Alan Meltzer’s name has become synonymous with philanthropy, both here in the Washington area and beyond.
Meltzer, who founded The Meltzer Group in 1982 as a lone insurance agent, is ubiquitous on the leadership rolls and annual reports of the Washington Jewish community — board member of The Jewish Federation of Greater Washington, trustee emeritus of the Jewish Community Foundation, member of the Bender Jewish Community Center of Greater Washington Council of Advisors — they point to his high-end donor role over decades, along with his wife, Amy, and their Meltzer Family Foundation.
“I’m a salesman,” he says. Determined, outspoken, full of colorful stories, Meltzer’s success in business has enabled him to give back to the Jewish community and improve the lives of young people.
Asked by podcaster Fred Diamond what got him so far, Meltzer said, “One, I’m crazy, shrinks would have a great time with me. I’m driven, I’m scared about being poor. If I had a billion dollars I would think I’m poor.”
When teenage Alan Meltzer entered American University, he did it on a wrestling scholarship and plenty of odd jobs.
“If I didn’t have a wrestling scholarship to college, I never would have gone to school, I never would have met my wife,” Meltzer said. “I see how important education is.”
At the time, though, he quit school before he graduated to go into business. Insurance came later. First was a D.C. bar and restaurant called Mr. Henry’s. He started there as a dishwasher and eventually, with some money he saved, bought the place with some friends.
For Meltzer, at least, Mr. Henry’s was where his future came together.
“In ’73, six young ladies came into the restaurant and one of them I thought was absolutely stunning, so I waited on the table,” he told Diamond. “They all worked for Massachusetts Mutual Life Insurance Company.”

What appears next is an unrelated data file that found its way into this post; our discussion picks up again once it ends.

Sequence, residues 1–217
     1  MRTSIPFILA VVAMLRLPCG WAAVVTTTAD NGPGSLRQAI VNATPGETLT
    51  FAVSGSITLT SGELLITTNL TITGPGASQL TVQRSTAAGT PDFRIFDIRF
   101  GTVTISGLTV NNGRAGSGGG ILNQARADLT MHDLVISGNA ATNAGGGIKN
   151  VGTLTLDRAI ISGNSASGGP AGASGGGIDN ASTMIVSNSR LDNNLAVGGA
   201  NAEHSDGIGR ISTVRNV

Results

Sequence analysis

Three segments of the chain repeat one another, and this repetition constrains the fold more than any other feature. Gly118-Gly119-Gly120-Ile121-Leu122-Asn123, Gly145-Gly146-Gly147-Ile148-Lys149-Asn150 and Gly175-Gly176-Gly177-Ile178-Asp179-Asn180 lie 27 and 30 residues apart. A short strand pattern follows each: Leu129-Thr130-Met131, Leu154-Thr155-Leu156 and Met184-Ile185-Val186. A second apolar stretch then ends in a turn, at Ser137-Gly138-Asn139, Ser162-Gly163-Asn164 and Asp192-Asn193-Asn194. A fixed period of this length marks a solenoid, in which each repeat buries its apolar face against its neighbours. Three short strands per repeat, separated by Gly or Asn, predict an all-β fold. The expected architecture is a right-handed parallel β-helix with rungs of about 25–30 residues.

The one he had his eye on was Amy. They dated for five years and were married in 1978. They now have four children and six grandchildren. But back in ’78, Meltzer started studying about the insurance business and sold his restaurant business.
Over the years, the Meltzer Group grew to include more than 200 team members. He sold the company in 2016 to NFP where he remains an insurance salesman and leadership figure.
He takes a keen interest in his alma mater. He made a large commitment to support American University’s Center for Athletic Performance and its Center for Israel Studies.
Another cause close to Meltzer’s heart is the research and care for people with diabetes. His youngest son has type 1 diabetes. “We’ve literally given a ton of money personally to type 1 to help cure it, to find a better way of living,” he told Diamond.
He and Amy belong to two B’nai Israel Congregations — one in Rockville, the other in Boca Raton, Fla., where they live. They travel frequently back to Washington and remain heavily involved locally.
Meltzer’s eldest daughter, Jennifer Meltzer, has followed in her father’s footsteps into the restaurant business. She owns and operates the restaurant, All Set, in Silver Spring.
Meltzer says he stays involved with his family and enjoys spending the holidays with them.
“On Chanukah, we all got together, lit the candles,” he said. “My granddaughter is big into horses, and my other granddaughter, it’s gymnastics. My grandson started wrestling,” Meltzer said.
When Meltzer quit college to buy the bar in 1972, he wasn’t sure if or when he would resume his college education. But 50 years later, in 2022, he went back to American University, which he is on the board of, and finished his degree.
“I’m glad I did it, I’m proud of it,” he says. “I think my children were proud of it, my wife was proud of it. It wasn’t easy, but I got it done.” ■